Caribbean tourism needs to be more competitive says OAS representative


Assistant Secretary General of the Organisation of American States (OAS), Albert Ramdin. (Credit:

BRIDGETOWN, Barbados, Thursday September 4, 2014, CMC – The 22nd Inter-American Congress of Ministers and High-level Authorities of Tourism began here on Wednesday with Caribbean countries being told that they needed to do more to improve the competitiveness of the region’s tourism industry.

“The tourism industry saw growth in the past year. Tourism goods and services, direct and indirect, represented nine percent of the Gross Domestic Product – one in 11 jobs – and accounted for more than US $1 billion in international receipts worldwide in 2013,” said the Assistant Secretary General of the Organisation of American States (OAS), Albert Ramdin.

The September 3-4 meeting brings together representatives from Latin America and the Caribbean and is the first time it is being held in an English-speaking Caribbean for more than two decades.

It is being held under the theme “Tourism Competitiveness: An Essential Component of Sustainability”.

Ramdin said that data from the United Nations World Tourism Organisation indicate that in 2013 the Americas received 168 million international arrivals, or 15 percent of the worldwide arrivals.

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He told the conference that international tourism receipts in the region were US$229 million, or 20 per cent of worldwide tourism receipts.

He said this is an indication that the Americas represents a significant chunk of the world tourism business.

Despite these developments, Ramdin said, competitiveness remains a critical issue for many countries in the Americas.

“Ensuring that destinations in OAS member states optimize their attractiveness and ability to deliver quality, innovative and sustainable tourism services to consumers in an increasingly competitive marketplace is a matter of crucial importance,” Ramdin added.

Ramdin also lamented “the relative limited transportation options and connections between OAS member states”.

“Recently we have seen an improvement in this regard in this region and this development should certainly be encouraged,” he said.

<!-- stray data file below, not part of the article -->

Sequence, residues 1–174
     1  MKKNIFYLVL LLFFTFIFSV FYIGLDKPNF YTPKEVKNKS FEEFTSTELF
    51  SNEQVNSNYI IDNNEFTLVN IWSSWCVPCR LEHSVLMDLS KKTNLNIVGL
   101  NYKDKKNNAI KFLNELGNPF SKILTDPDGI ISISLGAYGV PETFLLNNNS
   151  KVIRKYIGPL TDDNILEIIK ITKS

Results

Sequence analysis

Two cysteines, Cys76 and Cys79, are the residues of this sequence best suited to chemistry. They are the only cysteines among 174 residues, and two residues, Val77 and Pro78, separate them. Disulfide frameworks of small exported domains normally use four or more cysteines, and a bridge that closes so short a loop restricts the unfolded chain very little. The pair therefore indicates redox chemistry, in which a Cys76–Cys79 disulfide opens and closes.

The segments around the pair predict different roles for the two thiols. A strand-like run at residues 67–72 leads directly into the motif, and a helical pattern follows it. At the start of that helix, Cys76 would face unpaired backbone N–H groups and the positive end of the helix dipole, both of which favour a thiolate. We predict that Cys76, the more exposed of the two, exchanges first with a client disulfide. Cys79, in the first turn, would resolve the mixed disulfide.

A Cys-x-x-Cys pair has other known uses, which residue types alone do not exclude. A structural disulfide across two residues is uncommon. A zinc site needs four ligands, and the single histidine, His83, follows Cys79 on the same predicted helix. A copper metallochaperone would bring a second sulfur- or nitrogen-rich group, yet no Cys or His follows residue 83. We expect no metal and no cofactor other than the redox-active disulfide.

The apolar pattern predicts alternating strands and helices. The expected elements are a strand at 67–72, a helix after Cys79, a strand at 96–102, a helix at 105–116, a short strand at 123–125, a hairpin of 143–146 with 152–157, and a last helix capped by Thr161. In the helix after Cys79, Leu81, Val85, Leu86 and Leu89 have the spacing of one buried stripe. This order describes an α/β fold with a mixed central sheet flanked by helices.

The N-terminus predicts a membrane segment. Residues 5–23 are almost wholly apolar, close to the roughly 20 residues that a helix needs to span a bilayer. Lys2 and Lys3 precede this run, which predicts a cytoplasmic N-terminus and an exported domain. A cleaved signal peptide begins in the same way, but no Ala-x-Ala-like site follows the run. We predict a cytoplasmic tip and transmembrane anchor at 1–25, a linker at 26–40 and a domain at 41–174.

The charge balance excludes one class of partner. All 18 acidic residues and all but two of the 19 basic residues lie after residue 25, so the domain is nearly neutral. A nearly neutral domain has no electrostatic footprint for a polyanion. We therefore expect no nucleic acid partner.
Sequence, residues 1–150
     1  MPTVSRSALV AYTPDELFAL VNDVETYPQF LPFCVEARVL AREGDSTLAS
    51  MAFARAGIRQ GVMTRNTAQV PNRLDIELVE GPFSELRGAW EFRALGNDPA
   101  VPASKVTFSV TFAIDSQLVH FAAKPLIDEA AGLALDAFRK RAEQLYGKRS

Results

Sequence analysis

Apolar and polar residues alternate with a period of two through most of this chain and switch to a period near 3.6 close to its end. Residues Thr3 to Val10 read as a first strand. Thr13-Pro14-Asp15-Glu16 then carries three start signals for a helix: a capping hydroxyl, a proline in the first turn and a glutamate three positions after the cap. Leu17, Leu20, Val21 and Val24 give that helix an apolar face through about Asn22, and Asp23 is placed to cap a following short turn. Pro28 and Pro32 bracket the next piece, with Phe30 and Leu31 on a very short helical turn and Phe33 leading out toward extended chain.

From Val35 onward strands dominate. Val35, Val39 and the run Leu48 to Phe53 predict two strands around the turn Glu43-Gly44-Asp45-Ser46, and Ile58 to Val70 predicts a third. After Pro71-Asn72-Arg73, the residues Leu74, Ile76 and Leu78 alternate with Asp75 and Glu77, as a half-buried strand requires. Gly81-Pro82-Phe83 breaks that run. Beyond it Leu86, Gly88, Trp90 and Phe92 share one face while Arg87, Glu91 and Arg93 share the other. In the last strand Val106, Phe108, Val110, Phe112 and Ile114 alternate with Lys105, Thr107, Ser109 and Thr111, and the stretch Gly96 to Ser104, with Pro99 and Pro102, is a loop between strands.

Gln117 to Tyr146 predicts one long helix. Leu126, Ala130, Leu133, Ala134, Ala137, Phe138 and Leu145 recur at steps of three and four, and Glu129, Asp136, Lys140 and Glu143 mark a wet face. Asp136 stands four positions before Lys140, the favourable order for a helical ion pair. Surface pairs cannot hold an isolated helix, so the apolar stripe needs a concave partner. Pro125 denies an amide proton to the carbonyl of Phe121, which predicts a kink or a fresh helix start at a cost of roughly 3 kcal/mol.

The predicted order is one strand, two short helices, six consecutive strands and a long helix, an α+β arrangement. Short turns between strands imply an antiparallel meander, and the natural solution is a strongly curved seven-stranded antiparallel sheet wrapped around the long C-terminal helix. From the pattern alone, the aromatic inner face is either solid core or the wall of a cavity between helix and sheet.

Barbados Tourism Minister Richard Sealy noted that the World Tourism Organisation attributes the extraordinary growth of international tourism over the last decades, from 25 million tourists in 1950 to 1.035 billion in 2012, in part to the advances in air transport.

“The travel and tourism report of 2013 indicated that globally air transport supports 34.5 million jobs within tourism, contributing around US $762 billion per year to the global GDP (gross domestic product),” he said.

Sealy noted that if the region wishes to sustain its tourism product, it is necessary to diversify its product offering.

“The diversification of our product will only be a reality if it is accompanied by the necessary airlift from non-traditional destinations,” he said, noting that, historically, Caribbean countries have limited their tourism marketing to North America and Europe, while not fully exploring the potential of creating direct air routes with their Latin American neighbours.

He told the meeting that Barbados has sought to change that pattern through the Barbados Tourism Marketing Incorporated.

“We have benefitted from a direct air service from Sao Paulo Brazil since June 2010. This service has contributed approximately 4,641 visitors from this new market since 2013.

“Sao Paulo, the largest city in the Americas and one of the largest in the world, and one of the major centre of both culture and economic activity, represents our first gateway in our plans to expand aggressively into Latin America.

“Our diversification policy has also led the Barbados Tourism Marketing Inc. to negotiate to expand our air linkages to Bogota Colombia. We expect this strategy to pay dividends as Bogota is one of the largest cities in South America,” Sealy said.

The tourism officials meeting here also raised concern over the anticipated impact of climate change on sea level rises on the societies and economies of island states and low-lying coastal countries.

“Much more progress is needed to start implementing adapting policies and to reduce the risk,” Ambassador Ramdin said.

“And I hope that the meeting of Small Island Developing States that is taking place in Samoa will lead to complete measures to address severe concerns associated with climate change,” he added.